In two years, Kolkata may get monorail running on LPG

January 13th, 2009 - 1:37 pm ICT by IANS  

Kolkata, Jan 13 (IANS) A monorail service running on cooking gas? With an eye on the record books, that is exactly what a Kolkata-based company has planned for the city two years on. “No monorail system in the world runs on LPG (liquefied petroleum gas). We want to be the first to do so. We have spoken to Indian Oil (Corporation) for providing us with adequate support for such a service,” Biplab Bhattacharya, director of Andromeda Technologies, told IANS.

Andromeda has got the contract for constructing the first stretch of 20 km of monorail from Budge Budge to Taratala on a build-own-and-operate basis for an approximate cost of Rs.600 million (Rs.60 crore) per km.

The train will use hybrid technology that will enable it to run on both electricity and LPG. It will have four coaches, each with its own electric generator, which would accommodate 150 passengers.

“We expect to start the project in March 2009. It will take a little more than two years to complete the work. Indian Oil officials have said they can ready proper infrastructure for LPG support within the time frame when the monorail work is scheduled to be completed,” Bhattacharya said.

The company plans to run the train with hydrogen gas in future, he added.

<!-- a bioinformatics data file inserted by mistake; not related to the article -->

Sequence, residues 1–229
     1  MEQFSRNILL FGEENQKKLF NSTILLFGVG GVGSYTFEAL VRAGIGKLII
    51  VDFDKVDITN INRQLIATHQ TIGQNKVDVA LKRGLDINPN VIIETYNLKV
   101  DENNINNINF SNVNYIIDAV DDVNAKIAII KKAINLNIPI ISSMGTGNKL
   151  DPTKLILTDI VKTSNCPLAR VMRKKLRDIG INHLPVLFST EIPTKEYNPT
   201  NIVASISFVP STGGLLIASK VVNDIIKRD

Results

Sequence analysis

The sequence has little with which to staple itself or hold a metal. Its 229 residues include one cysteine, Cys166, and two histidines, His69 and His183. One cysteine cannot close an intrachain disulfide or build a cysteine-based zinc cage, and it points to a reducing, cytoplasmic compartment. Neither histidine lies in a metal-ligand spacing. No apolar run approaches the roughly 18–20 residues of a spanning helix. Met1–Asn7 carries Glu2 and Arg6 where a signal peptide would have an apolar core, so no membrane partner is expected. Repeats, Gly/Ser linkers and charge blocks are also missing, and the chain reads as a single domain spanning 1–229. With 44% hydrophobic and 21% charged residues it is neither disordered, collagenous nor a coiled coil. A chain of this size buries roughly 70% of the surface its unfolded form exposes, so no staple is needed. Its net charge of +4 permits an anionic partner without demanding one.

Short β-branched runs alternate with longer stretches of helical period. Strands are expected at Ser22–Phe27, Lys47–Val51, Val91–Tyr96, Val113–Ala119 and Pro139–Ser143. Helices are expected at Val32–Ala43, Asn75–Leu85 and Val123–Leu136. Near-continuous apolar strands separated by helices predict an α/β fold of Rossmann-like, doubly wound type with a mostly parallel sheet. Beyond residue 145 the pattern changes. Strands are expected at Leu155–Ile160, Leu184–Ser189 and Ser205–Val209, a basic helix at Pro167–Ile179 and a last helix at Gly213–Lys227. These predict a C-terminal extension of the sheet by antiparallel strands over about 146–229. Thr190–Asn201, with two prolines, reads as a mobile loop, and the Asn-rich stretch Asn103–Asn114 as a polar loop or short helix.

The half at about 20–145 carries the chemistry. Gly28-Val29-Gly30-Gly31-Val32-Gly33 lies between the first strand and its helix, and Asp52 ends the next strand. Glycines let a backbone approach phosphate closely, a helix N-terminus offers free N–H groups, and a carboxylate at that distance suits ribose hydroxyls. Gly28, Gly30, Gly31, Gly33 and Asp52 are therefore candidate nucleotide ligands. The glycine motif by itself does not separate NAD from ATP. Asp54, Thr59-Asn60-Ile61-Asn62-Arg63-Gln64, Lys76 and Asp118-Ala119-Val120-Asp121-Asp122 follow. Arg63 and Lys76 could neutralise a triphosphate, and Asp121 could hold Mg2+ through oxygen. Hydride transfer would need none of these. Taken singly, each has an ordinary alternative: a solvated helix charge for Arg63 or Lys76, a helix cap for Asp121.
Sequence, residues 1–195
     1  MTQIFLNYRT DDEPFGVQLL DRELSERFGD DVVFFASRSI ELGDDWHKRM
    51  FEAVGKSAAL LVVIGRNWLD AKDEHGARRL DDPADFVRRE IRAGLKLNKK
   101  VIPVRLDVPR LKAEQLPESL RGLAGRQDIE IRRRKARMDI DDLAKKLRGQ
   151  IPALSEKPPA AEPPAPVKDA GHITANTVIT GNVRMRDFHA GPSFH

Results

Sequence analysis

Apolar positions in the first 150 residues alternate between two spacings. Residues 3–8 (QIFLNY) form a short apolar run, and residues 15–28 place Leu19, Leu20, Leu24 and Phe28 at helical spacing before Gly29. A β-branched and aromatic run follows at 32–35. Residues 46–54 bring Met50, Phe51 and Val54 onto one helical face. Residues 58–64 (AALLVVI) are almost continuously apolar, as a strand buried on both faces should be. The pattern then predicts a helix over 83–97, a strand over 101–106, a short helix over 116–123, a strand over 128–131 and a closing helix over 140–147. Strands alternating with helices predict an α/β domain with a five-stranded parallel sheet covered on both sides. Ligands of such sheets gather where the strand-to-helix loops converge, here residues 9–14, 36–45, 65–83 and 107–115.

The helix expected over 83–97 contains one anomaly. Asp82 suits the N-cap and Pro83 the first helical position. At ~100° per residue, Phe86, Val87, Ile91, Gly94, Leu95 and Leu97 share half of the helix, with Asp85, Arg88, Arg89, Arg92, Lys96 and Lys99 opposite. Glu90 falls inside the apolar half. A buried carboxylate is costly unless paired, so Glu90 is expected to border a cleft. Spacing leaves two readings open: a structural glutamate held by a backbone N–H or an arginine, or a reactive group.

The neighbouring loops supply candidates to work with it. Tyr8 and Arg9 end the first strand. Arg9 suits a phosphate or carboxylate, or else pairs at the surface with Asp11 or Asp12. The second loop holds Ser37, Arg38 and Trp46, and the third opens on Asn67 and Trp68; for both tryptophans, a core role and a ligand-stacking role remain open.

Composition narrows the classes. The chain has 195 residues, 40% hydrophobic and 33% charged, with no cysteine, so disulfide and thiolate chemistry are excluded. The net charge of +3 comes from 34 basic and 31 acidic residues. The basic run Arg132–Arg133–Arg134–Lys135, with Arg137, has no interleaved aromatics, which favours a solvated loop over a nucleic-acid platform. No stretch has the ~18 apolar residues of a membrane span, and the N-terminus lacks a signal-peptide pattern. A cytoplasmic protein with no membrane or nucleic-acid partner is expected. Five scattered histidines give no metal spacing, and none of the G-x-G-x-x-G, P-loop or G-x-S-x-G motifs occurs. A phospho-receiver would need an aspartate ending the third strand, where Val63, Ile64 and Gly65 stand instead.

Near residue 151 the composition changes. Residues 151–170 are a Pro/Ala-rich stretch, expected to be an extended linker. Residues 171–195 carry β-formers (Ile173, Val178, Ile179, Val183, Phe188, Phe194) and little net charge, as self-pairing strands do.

“We are also planning a feeder service with around 40 LPG buses, which will help the commuters travel to their destinations from the monorail stations,” Bhattacharya said.

As of now the city has no LPG or compressed natural gas (CNG) buses.

Asked whether the city was equipped to supply fuel for the LPG bus service, an Indian Oil official said: “Now there are 12 LPG pumps in the city. We have five pumps. If there is market requirement, I am sure we will be able to meet it. There is no shortage of LPG. We have a refinery at Haldia.”

The monorail will be the latest addition to the various rail transport networks in the city. Apart from the general railway service, the city already has the metro railway, the circular rail and the tram.

Once the first phase is complete, the government will take a call on awarding the contract for the second phase stretching 52 km till Rajarhat in the city’s northeastern fringes.

“Based on how the first phase goes, we will consider how to award the contract for the remaining work. The main constraint for such a project within the city is space,” said West Bengal Transport Secretary Sumantra Chowdhury.

The total expense for the first phase will be to the tune of Rs.12 billion, with a debt-equity ratio of 4:1. Now Andromeda is looking for overseas financial partners and hopes to clinch a deal soon.

The company will initially rope in coaches from Germany. But in due course, it will get coaches manufactured in India.

It will partner German companies Fernmeldewerk Munchen Aubing GmbH for signalling and Derap AG & Helbling Technik for technological know-how.

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